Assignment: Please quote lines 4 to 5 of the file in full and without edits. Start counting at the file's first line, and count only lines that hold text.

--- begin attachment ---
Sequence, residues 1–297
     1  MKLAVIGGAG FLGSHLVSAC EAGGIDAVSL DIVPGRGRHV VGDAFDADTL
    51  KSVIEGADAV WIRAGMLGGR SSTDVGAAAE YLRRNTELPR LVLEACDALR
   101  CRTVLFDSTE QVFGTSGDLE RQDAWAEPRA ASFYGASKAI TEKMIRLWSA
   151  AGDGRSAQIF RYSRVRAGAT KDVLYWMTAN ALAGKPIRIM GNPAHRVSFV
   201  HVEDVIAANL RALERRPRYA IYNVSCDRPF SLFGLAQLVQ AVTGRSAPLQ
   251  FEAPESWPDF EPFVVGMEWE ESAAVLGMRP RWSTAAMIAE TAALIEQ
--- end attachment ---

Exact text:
   101  CRTVLFDSTE QVFGTSGDLE RQDAWAEPRA ASFYGASKAI TEKMIRLWSA
   151  AGDGRSAQIF RYSRVRAGAT KDVLYWMTAN ALAGKPIRIM GNPAHRVSFV